I'm an author, travel writer and digital nomad who's been on the road nonstop since 2013. I blog about solo travel at TheHappypassport.com, and specialze in helping solo travelers plan mind-expanding, soul-fulfilling, Eat, Pray, Love-type RTW trips.
I'm quick to skip tourist saturated destinations in favor of off-the-beaten path excursions and the kind of adventures only locals know about. If you're into group tours and seeing what everyone else has seen, I'm not your girl!
If however, you're looking to experience another culture in a way that will change you forever, let's chat.
About this post
5 Easy Ways to Make Money Traveling
If you make money traveling, it means that you can travel indefinitely.
You don’t have to stick to a strict budget because money is always flowing in, and you’re free to roam the planet at will without being stuck working abroad at a teaching job or other full-time gig.
By becoming a digital nomad, that’s how.
If you have a laptop and basic computer skills, you can easily make the world your office and travel abroad forever.
Here are 5 websites to help you make money traveling without committing to a “regular” job.
Elance.com is a website for freelancers.
Companies and small businesses post jobs for everything from copywriting to web design to tutoring services. Freelancers then compete for said jobs by creating and submitting job proposals.
But don’t worry if you’re not a brilliant web programmer and can’t write your way out of a paper bag. There are zillions of jobs posted on Elance every day, and I know you’ll find something that’s a good fit for your skill set.
When I first started doing online marketing, I got 95% of my clients via Elance. I tell everyone about the site and I’m amazed that more people don’t use it to make money traveling.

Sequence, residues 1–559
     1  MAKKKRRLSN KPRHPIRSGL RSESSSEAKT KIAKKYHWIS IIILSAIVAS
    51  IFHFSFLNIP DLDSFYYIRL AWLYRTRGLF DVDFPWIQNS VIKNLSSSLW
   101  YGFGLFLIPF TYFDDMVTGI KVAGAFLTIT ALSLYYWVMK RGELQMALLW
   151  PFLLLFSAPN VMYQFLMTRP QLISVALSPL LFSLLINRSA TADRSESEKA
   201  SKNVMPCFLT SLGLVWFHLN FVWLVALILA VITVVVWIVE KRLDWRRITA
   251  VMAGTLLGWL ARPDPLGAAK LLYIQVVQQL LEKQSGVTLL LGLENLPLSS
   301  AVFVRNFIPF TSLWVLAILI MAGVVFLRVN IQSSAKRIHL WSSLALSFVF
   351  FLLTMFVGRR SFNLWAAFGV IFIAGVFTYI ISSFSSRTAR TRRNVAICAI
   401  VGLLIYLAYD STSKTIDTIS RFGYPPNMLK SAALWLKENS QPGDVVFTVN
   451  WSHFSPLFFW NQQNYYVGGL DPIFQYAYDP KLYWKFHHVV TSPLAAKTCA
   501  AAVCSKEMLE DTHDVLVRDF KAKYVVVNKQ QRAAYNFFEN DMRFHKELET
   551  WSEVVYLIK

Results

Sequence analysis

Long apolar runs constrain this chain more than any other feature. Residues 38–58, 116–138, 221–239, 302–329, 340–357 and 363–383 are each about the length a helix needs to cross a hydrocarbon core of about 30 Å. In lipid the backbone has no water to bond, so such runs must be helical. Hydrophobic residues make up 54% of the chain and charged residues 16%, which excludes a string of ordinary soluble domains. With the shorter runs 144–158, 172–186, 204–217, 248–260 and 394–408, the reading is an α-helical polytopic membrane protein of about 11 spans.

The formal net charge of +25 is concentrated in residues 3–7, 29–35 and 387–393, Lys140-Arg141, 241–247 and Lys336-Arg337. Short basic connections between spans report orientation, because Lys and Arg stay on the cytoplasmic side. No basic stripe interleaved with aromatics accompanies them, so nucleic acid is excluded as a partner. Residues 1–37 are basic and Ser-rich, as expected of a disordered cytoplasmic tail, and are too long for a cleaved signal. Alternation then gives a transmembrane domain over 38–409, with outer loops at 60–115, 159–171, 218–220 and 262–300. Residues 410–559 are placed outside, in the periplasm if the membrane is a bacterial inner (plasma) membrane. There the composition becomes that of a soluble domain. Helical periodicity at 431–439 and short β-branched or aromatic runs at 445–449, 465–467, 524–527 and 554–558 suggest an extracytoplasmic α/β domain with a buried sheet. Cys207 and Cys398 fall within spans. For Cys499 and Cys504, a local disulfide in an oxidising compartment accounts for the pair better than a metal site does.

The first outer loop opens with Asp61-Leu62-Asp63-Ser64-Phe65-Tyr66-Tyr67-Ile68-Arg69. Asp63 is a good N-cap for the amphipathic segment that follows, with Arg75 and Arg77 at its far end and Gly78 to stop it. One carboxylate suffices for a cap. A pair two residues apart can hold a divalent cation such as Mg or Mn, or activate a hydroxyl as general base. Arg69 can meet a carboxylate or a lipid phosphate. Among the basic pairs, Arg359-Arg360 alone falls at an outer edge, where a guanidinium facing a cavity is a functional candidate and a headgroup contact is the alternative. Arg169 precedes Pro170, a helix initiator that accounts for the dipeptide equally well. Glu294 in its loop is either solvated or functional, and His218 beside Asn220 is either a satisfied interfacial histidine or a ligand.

On Fiverr.com, people will pay you $5 to do just about anything.
That could be something that requires technical skills, like web design or social media, OR it could be something completely ridiculous like paying you $5 to break up with their girlfriend.
Check out the site and see who the high rollers are, look at who’s making the most money and how.
Figure out how you can incorporate travel into what you’re offering. For example, can you send people postcards from anywhere in the world for $5? What about writing their wife’s name on a sign and taking a picture with it in front of the Eiffel Tower?
Remember that you’re traveling and people wish they could be you. Work that to your advantage on Fiverr, and don’t forget to offer “upsells” – the postcard is $5, but for $10 they can get rush delivery, and for $25 you’ll send 5 postcards.
Also, don’t forget that if you’re traveling in low-cost countries, $5 goes a lot further than it does back home. (Like, a lot further. Like hotel room-further.)
TakeLessons is a site for teachers and students. I use those terms loosely. If you have something to teach, you can connect with someone who wants to learn it.
Teachers teach lessons to students via Skype, Google Hangouts, or in person. Since you’ll be traveling, you’ll probably want to shoot for online lessons, though it could be cool to set up some in-person lessons in the cities you’re visiting abroad.
Popular categories are things like singing lessons, French lessons, WordPress lessons and acting lessons, but don’t let those categories deter you. If you are passionate about World of Warcraft or Flamenco, chances are other people too.